Study Sciences Abroad
Published: Tuesday, October 16, 2012
Updated: Tuesday, October 16, 2012 02:10
With the opening of Regents Hall and talk of expanding the School of Medicine, Georgetown is clearly invested in fostering the study of the sciences on campus. Yet the university does not offer enough resources for science majors who wish to take their studies beyond the Hilltop.
The Office of International Programs offers over 160 approved programs in more than 40 countries. Of those, only six integrate science or health studies and allow students to transfer credit toward their science majors. We understand that many liberal arts majors, such as international relations or political economy, are naturally suited to integrate study abroad opportunities. However, OIP should recognize that the global perspective gained from studying in another country can make a valuable contribution to any area of study, including the sciences.
Studying abroad is a quintessential aspect of the Georgetown experience, with roughly half of the student body attending a program overseas during its undergraduate career. An education in the sciences, although certainly rigorous by necessity, need not be confined to textbooks and laboratories. Just as a student in the McDonough School of Business can go abroad to study foreign economies and another in the School of Foreign Service can travel to observe a nation’s politics and culture, so too would science students at Georgetown benefit from having more opportunities to study medical and scientific practices around the globe.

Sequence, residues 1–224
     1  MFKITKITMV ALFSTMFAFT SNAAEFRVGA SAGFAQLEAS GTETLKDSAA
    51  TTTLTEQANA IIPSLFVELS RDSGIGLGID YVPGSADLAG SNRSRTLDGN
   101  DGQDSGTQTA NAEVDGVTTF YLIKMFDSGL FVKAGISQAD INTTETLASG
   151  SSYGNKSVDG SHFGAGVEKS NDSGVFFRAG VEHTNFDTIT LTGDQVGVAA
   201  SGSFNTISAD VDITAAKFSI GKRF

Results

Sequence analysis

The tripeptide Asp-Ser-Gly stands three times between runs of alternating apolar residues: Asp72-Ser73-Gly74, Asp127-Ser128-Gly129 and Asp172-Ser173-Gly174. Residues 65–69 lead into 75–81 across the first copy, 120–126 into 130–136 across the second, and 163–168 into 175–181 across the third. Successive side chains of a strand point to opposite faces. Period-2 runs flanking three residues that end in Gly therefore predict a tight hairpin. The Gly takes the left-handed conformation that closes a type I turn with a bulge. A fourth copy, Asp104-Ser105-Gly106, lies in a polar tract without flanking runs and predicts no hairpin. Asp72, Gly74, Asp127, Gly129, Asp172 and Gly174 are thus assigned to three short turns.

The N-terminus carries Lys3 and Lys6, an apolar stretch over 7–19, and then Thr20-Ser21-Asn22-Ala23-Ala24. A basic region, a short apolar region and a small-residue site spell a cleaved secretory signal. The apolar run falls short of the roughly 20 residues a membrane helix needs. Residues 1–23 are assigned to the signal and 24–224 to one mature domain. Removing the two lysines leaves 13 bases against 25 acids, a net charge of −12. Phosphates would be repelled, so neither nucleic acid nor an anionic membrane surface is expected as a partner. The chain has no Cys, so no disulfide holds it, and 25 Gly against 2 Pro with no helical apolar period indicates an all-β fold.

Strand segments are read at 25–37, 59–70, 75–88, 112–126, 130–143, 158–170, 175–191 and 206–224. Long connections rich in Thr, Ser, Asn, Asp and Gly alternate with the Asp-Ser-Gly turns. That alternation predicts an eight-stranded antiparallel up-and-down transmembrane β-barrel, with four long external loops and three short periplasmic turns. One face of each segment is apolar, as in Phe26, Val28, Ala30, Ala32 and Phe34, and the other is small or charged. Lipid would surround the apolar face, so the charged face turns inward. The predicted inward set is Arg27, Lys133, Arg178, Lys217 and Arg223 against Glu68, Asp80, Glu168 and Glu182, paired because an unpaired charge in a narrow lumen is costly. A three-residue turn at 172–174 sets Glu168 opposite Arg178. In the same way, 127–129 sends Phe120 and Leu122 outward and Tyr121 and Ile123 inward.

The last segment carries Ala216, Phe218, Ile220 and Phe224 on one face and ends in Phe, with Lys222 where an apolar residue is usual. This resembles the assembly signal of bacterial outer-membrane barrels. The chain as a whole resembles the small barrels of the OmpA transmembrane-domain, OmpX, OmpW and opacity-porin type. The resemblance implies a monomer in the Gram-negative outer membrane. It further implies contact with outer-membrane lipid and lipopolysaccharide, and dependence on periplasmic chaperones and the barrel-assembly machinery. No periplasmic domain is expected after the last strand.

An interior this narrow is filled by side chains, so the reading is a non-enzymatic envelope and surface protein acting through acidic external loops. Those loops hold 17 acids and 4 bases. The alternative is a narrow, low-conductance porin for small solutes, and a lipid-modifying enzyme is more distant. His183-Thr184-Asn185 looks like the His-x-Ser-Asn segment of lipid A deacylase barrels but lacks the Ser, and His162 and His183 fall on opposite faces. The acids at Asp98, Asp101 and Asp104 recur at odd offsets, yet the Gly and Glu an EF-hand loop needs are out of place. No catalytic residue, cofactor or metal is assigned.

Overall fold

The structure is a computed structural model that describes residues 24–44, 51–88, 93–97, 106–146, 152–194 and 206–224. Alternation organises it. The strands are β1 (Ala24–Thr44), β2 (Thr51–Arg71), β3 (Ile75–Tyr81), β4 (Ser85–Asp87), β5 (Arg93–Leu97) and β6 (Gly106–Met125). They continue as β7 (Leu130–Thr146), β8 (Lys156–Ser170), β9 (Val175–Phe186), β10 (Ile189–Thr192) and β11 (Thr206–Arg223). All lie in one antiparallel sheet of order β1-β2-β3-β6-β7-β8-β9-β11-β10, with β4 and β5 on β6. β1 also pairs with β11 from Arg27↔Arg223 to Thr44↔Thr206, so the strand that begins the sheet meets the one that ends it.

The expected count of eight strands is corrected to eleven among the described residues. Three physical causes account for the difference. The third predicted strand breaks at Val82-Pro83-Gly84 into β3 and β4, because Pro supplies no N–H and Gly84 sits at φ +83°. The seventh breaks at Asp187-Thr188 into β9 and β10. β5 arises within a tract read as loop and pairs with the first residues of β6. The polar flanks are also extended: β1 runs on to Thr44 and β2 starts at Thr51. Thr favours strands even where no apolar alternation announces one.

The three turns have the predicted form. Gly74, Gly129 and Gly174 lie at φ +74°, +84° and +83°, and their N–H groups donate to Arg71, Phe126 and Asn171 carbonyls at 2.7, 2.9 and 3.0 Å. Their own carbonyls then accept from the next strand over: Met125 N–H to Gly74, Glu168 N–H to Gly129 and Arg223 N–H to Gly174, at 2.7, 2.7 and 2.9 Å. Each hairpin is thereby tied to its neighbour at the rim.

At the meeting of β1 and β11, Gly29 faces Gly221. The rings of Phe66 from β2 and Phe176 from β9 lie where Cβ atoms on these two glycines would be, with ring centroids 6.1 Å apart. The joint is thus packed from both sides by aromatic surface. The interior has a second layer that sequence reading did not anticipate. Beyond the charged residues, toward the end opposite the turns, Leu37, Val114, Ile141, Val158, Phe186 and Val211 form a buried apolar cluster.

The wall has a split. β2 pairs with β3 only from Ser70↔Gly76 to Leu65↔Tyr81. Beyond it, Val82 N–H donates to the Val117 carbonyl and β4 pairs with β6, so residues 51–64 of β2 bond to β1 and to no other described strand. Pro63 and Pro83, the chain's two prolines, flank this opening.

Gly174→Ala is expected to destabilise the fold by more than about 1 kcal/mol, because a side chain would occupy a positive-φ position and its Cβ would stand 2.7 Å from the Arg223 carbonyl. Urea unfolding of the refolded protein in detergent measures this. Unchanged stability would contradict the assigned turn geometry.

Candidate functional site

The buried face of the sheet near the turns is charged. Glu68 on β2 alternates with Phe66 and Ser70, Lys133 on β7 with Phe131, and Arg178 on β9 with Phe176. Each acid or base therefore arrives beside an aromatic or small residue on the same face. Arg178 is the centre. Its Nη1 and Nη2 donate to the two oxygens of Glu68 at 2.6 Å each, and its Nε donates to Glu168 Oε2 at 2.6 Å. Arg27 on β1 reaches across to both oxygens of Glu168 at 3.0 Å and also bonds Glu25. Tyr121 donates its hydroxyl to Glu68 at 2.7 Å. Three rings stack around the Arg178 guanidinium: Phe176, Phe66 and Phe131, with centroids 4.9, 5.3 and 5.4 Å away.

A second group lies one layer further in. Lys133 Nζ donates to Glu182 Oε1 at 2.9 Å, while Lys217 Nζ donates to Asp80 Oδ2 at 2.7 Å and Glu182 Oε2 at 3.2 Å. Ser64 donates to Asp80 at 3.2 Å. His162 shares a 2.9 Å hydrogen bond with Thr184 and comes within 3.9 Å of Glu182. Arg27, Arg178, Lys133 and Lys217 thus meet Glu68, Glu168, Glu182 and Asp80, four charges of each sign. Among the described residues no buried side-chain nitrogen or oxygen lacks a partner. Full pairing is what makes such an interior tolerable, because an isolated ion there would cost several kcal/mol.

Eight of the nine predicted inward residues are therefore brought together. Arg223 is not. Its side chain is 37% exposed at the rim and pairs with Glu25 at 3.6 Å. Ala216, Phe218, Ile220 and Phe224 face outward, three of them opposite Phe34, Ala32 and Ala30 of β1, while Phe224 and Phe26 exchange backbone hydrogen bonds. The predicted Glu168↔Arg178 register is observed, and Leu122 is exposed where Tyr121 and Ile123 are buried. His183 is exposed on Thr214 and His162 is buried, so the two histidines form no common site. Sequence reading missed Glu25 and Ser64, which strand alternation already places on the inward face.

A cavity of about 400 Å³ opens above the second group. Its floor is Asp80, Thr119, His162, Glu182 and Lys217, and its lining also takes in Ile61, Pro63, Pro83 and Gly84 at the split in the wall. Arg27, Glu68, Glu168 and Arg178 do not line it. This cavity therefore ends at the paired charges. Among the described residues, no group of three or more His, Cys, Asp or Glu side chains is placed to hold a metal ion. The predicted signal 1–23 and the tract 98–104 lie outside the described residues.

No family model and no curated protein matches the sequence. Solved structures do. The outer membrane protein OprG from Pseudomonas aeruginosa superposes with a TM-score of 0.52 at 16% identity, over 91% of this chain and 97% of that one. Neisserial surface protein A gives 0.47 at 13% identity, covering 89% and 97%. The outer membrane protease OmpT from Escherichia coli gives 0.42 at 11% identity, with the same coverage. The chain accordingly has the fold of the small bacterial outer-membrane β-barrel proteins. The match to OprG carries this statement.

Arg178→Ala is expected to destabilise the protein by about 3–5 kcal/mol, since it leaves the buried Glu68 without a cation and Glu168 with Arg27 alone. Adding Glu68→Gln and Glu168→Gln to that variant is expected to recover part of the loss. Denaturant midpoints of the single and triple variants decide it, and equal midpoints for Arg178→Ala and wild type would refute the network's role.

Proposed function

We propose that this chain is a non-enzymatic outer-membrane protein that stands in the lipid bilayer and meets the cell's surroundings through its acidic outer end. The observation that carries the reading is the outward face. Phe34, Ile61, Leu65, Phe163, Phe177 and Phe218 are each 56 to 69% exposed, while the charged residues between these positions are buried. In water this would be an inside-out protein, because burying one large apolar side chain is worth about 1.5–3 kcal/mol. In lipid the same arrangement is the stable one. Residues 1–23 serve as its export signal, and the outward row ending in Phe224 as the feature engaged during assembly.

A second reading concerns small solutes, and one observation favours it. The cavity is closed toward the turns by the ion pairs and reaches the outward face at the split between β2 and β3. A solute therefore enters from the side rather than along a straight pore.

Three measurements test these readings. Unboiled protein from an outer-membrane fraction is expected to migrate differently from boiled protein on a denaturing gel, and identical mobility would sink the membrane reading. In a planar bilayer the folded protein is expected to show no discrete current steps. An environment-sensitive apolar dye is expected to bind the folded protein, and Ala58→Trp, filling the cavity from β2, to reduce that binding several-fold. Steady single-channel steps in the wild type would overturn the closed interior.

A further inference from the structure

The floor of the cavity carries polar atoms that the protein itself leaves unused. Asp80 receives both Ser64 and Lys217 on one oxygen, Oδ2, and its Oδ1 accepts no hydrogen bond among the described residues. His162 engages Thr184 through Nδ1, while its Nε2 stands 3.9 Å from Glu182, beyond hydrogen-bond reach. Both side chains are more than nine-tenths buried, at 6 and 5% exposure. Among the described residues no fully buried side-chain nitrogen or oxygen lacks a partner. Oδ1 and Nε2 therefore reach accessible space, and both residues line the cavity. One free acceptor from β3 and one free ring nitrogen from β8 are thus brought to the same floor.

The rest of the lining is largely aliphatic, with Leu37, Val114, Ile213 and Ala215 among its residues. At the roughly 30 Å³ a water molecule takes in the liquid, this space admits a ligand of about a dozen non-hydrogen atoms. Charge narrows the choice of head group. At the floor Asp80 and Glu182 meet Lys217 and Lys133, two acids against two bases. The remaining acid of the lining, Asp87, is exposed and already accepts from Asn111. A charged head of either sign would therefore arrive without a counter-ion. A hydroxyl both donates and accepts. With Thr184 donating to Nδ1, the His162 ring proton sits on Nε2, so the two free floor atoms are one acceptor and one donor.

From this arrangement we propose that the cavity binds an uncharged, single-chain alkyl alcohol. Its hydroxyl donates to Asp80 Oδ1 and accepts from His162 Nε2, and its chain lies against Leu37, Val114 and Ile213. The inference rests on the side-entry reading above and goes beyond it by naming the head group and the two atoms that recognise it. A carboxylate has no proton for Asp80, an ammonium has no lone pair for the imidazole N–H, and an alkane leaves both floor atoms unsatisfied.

There is an international health major in the School of Nursing and Health Studies, so clearly the is something to global diversity of medicine.
The option to study abroad is an important part of Georgetown’s cura personalis mission, providing students with a chance to expand their horizons culturally as well as academically. This opportunity should be equally accessible to all students, regardless of the nature of their coursework.